Should bump stocks, trigger cranks be illegal in Ohio, U.S.?


Should bump stocks, trigger cranks be illegal in Ohio, U.S.?

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Shooting instructor Frankie McRae aims an AR-15 rifle fitted with a “bump stock” at his 37 PSR Gun Club in Bunnlevel, N.C., on Wednesday, Oct. 4, 2017. The stock uses the recoil of the semiautomatic rifle to let the finger “bump” the trigger, making it different from a fully automatic machine gun, which are illegal for most civilians to own. (AP Photo/Allen G. Breed)

Among the 23 guns found along with Las Vegas shooter Stephen Paddock’s body in his hotel room on the 32nd floor of the Mandalay Bay Hotel, some were semi-automatic rifles modified to fire almost as fast as an automatic weapon using an accessory called a bump stock.

The rate of fire with which Paddock rained down terror on country music concertgoers last Sunday, killing 59 people and wounding hundreds of others, suggests that at least one of Paddock’s weapons had rapid-fire capabilities, according to firearms experts.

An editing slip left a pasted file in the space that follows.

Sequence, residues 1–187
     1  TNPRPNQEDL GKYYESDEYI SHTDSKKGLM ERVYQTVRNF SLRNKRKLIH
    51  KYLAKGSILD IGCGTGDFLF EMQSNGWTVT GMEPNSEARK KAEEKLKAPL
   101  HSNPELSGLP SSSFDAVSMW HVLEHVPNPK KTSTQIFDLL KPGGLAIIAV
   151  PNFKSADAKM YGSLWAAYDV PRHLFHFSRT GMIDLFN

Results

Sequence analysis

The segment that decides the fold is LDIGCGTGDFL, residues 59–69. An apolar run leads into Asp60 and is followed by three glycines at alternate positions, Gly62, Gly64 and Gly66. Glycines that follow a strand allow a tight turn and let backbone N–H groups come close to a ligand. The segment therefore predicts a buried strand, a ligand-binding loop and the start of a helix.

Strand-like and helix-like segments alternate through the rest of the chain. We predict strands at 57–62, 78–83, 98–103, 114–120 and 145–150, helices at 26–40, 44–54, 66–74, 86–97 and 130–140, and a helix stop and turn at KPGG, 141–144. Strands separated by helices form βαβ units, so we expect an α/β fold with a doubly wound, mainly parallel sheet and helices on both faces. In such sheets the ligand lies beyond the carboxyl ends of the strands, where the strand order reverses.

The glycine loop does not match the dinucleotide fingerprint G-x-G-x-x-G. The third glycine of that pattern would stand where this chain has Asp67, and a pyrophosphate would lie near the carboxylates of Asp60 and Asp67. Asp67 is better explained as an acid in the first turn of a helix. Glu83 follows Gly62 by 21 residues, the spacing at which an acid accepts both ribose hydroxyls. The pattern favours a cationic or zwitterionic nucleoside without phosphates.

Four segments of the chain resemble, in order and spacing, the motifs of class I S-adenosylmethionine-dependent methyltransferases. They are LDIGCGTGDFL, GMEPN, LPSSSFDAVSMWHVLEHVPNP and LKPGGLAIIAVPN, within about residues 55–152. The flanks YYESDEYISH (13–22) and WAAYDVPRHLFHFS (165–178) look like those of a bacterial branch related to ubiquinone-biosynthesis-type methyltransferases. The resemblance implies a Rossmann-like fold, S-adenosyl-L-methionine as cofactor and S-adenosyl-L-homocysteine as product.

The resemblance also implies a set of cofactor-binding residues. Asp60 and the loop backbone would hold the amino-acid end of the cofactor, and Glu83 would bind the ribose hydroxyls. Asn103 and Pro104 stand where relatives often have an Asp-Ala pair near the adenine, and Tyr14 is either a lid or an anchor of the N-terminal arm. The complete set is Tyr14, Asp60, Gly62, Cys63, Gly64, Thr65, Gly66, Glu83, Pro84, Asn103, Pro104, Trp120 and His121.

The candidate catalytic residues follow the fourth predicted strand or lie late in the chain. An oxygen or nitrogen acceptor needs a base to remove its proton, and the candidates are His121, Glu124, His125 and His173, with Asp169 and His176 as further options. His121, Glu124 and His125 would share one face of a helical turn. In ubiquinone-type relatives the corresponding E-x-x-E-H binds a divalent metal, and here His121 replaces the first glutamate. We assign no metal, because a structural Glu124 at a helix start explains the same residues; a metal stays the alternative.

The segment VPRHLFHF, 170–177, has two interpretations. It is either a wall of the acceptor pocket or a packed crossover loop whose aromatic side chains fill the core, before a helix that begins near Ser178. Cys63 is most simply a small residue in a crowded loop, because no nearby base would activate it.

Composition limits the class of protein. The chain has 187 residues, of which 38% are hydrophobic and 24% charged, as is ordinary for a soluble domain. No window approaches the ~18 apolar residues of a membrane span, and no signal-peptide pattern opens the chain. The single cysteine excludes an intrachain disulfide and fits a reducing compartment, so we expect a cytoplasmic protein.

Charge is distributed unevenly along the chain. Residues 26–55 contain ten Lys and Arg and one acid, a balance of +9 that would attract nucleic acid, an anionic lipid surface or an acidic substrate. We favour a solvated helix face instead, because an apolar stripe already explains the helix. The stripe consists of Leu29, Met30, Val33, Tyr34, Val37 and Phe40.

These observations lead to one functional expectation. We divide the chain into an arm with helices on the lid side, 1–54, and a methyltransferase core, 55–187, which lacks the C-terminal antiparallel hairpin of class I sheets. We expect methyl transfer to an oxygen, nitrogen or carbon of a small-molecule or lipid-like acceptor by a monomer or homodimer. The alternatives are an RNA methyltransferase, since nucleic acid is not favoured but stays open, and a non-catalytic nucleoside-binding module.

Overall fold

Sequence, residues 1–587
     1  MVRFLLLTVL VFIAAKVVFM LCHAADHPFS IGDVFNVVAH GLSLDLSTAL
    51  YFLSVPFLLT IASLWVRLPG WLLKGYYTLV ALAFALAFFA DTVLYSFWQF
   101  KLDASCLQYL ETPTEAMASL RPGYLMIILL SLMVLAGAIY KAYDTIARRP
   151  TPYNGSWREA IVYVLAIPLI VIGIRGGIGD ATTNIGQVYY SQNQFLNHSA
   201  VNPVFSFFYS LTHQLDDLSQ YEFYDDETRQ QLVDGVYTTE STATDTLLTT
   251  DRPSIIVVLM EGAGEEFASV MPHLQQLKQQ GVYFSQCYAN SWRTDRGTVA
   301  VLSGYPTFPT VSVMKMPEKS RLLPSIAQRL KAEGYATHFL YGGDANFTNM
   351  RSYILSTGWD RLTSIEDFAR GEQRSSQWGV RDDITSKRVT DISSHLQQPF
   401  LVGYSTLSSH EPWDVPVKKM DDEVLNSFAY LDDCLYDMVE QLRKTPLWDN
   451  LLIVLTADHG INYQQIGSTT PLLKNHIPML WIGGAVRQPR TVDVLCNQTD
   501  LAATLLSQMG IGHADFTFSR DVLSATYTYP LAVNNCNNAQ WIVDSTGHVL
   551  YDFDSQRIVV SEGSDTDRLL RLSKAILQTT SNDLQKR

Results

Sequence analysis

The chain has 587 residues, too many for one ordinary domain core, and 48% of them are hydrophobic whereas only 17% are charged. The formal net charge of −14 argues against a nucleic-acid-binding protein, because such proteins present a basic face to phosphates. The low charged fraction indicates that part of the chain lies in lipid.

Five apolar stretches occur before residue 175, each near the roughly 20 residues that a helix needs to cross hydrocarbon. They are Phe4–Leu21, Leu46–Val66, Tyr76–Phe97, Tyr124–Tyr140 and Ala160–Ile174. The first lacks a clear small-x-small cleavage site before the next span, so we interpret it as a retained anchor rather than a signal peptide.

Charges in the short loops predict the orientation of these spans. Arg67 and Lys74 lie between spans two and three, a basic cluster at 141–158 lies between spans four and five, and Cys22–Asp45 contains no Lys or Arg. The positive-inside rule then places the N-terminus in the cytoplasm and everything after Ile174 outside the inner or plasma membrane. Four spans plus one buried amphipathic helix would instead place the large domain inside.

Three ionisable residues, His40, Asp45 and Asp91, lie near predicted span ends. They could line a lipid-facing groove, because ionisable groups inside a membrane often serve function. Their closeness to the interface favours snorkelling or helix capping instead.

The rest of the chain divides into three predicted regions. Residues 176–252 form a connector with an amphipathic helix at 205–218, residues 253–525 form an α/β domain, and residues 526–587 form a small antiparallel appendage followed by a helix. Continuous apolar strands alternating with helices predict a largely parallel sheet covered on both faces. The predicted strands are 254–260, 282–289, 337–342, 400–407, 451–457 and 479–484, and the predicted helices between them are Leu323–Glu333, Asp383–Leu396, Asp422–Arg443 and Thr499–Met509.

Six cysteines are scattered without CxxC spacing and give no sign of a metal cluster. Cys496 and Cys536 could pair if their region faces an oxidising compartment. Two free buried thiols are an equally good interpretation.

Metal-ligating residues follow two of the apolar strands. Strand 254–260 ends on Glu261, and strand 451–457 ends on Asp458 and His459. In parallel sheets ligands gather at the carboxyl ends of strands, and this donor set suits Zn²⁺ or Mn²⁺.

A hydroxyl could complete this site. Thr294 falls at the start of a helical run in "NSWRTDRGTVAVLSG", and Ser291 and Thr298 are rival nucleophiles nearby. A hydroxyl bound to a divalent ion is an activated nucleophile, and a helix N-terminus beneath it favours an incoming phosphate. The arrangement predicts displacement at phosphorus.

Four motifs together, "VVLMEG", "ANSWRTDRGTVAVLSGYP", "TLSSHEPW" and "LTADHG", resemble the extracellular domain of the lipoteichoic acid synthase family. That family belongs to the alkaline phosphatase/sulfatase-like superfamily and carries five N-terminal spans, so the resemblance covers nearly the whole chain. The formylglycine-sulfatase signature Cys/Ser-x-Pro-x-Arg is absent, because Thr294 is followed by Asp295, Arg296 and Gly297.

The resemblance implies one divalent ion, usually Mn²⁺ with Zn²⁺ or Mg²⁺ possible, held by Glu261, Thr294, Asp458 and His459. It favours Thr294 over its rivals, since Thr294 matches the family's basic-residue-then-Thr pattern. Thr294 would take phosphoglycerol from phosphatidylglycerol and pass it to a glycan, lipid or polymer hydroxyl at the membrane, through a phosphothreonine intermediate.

And while machine guns are heavily regulated by state and federal law, bump stocks are one of several methods used to modify semi-automatic weapons to fire at a nearly automatic rate. The modifications are perfectly legal in both Nevada and Ohio.

Turning a semi-automatic weapon into an automatic weapon is a felony. However, the modifications are legal because the gun still only fires once every time the trigger is pulled. By speeding up the rate at which the trigger is pulled, the bump stock mimics the rapid-fire capabilities of an automatic weapon without being fully automatic.

Gun control activists say these modifications should be illegal. Some of the devices are banned in other states and a Democratic proposal has been put forward to regulate them federally, which some Republicans said they are open to considering. But gun rights activists are pushing back against any knee-jerk response to Sunday’s tragedy.

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